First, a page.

That's a contradiction. It is 'useful' to act in a certain way if your belief that action X will produce result Y is justified, otherwise it's not useful. For example, if I decide to kick the ball in a certain way in order to make it end up in the goal, my decision is only useful if the beliefs that it was based on are justified. If my belief about the way the ball will react to my kick is unjustified, then the ball will probably not end up in the goal and my decision and action were not useful.

Usefulness is entirely dependent on truth (by which I mean beliefs that correspond to reality, even if not perfectly). If truth is not achievable because of the problem of induction, neither is usefulness.

Updated: Sun, 30 May 2010 19:13:56 UTC | #474879

Go to: Religion has nothing to do with science – and vice versa

Janus's Avatar Jump to comment 30 by Janus

Two comments from Eliezer Yudkowsky (of Less Wrong):

The point is not that scientists should be perfect in all spheres of human endeavor. But neither should anyone who really understands science, deliberately start believing things without evidence. It's not a moral question, merely a gross and indefensible error of cognition. It's the equivalent of being trained to say that 2 + 2 = 4 on math tests, but when it comes time to add up a pile of candy bars you decide that 2 + 2 ought to equal 5 because you want 5 candy bars. You may do well on math tests, when you apply the rules that have been trained into you, but you don't understand numbers. Similarly, if you deliberately believe without evidence, you don't understand cognition or probability theory. You may understand quarks, or cells, but not science.

Newton may have been a hotshot physicist by the standards of the 17th century, but he wasn't a hotshot rationalist by the standards of this one. (Laplace, on the other hand, was explicitly a probability theorist as well as a physicist, and he was an outstanding rationalist by the standards of that era.)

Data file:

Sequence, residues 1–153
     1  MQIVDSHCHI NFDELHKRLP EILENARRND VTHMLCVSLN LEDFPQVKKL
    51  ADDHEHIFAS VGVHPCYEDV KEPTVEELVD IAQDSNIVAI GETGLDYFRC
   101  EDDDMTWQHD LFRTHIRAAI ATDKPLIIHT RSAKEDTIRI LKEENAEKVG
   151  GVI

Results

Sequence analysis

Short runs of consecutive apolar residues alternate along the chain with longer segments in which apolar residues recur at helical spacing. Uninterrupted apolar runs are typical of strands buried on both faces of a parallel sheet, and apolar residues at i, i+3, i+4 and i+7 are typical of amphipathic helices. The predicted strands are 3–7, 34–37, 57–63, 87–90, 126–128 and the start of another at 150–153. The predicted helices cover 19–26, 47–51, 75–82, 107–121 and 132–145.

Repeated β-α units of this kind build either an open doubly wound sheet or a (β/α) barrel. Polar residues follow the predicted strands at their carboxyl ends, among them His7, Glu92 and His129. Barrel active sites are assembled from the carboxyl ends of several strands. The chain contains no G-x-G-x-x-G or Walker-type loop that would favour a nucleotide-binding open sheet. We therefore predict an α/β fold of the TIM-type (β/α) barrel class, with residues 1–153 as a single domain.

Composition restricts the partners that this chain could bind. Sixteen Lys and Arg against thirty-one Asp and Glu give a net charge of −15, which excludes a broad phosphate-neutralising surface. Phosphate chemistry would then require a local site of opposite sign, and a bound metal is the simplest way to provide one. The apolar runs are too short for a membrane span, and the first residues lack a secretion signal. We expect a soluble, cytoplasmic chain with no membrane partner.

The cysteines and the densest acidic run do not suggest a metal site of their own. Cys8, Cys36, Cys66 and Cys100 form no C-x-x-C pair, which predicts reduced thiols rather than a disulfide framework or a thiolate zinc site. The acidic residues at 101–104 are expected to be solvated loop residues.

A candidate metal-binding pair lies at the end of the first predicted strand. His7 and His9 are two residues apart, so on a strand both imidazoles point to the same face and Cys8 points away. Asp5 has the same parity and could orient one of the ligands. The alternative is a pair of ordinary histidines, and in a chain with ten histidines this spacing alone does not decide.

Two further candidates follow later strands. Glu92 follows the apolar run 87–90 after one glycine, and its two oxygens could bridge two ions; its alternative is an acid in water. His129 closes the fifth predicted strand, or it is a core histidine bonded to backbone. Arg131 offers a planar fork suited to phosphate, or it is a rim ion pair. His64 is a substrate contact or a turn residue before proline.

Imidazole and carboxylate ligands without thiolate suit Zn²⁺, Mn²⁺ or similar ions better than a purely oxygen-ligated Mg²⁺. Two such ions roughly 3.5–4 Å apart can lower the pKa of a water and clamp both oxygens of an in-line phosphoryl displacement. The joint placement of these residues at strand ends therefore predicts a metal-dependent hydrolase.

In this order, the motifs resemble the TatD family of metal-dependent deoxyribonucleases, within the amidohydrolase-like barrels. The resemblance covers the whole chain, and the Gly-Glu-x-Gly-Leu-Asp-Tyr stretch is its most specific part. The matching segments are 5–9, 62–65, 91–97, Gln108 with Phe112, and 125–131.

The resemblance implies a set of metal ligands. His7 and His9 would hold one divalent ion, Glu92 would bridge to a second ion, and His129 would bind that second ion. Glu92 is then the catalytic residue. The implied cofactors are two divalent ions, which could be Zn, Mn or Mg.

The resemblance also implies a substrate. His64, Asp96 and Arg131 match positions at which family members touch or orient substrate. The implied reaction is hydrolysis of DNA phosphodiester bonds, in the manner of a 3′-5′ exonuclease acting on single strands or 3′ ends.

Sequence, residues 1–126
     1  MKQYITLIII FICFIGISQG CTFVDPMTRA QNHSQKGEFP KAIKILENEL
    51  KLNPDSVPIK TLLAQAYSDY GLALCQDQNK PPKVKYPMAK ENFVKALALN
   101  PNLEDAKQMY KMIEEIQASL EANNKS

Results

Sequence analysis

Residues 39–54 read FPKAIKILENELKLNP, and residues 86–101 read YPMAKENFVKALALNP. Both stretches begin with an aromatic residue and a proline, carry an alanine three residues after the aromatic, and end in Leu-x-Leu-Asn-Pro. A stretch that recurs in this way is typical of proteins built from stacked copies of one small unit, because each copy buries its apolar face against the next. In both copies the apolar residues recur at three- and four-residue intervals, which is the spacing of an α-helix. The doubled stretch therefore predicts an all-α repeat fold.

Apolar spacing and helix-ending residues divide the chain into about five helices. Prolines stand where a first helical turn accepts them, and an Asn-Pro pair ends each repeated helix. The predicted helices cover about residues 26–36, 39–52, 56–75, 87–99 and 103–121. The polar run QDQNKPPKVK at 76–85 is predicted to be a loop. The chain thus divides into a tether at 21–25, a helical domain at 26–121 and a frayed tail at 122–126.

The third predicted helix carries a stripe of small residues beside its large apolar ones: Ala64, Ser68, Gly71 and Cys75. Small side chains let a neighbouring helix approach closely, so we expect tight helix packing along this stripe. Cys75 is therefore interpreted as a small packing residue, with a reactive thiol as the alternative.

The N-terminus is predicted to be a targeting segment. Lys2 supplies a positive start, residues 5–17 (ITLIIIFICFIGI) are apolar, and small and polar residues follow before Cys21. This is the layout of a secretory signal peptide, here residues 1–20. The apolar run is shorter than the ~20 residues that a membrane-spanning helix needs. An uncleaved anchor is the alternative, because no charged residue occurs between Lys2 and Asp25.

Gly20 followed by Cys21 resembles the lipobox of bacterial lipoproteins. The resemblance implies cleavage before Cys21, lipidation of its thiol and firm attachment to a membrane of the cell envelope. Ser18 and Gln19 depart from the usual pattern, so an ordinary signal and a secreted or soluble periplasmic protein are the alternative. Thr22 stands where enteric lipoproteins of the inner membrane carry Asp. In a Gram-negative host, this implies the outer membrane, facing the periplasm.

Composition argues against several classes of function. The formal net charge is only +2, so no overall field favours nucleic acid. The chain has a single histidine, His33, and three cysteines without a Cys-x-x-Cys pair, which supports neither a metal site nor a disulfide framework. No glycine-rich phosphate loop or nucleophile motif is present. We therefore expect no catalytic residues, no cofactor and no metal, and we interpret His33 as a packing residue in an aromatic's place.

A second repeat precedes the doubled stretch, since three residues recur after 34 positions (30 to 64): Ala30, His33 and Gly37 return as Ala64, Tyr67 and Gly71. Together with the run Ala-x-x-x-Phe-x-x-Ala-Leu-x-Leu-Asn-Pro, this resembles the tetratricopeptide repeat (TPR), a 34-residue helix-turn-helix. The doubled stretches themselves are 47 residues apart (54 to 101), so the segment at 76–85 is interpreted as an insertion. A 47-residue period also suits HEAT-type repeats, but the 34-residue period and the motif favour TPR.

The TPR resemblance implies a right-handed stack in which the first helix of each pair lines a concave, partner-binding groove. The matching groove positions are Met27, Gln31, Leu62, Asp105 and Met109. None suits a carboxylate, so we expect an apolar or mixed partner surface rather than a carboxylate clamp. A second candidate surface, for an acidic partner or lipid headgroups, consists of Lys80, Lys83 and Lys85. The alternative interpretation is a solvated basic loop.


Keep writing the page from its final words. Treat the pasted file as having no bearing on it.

http://lesswrong.com/lw/gv/outside_the_laboratory/drb

Yes, there have been many great scientists who believed in utter crap - though fewer of them and weaker belief, as you move toward modern times.

And there have also been many great jugglers who didn't understand gravity, differential equations, or how their cerebellar cortex learned realtime motor skills. The vast majority of historical geniuses had no idea how their own brains worked, however brainy they may have been.

You can make an amazing discovery, and go down in the historical list of great scientists, without ever understanding what makes Science work. Though you couldn't build a scientist, just like you couldn't build a juggler without knowing all that stuff about gravity and differential equations and error correction in realtime motor skills.

I still wouldn't trust the one's opinion about a controversial issue in which they had an emotional stake. I couldn't rely on them to know the difference between evidence versus a wish to believe. If they can compartmentalize their brains for a spirit world, maybe they compartmentalize their brains for scientific controversies too - who knows? If they gave into temptation once, why not again? I'll find someone else to ask for their summary of the issues.

http://lesswrong.com/lw/gv/outside_the_laboratory/drc

Updated: Sun, 30 May 2010 19:02:28 UTC | #474876

Go to: The Problem of Induction - Is it really a problem?

Janus's Avatar Jump to comment 7 by Janus

Note that this is just a pragmatic solution; induction still cannot be used to arrive at an approximation of truth. However, if we just want to get something done, then induction is the way to go.

That doesn't make any sense. As you noted, our decisions and actions are based on our beliefs about reality. However, if you don't have any kind of certainty about your beliefs, it means your decisions are exactly as good as if you based them on a throw of a die. Put differently, if you think your decisions are better than those based on the throw of a die, it means you believe you have at least some certainty in your beliefs about reality.

Updated: Sun, 30 May 2010 18:40:32 UTC | #474866

Go to: Religion has nothing to do with science – and vice versa

Janus's Avatar Jump to comment 25 by Janus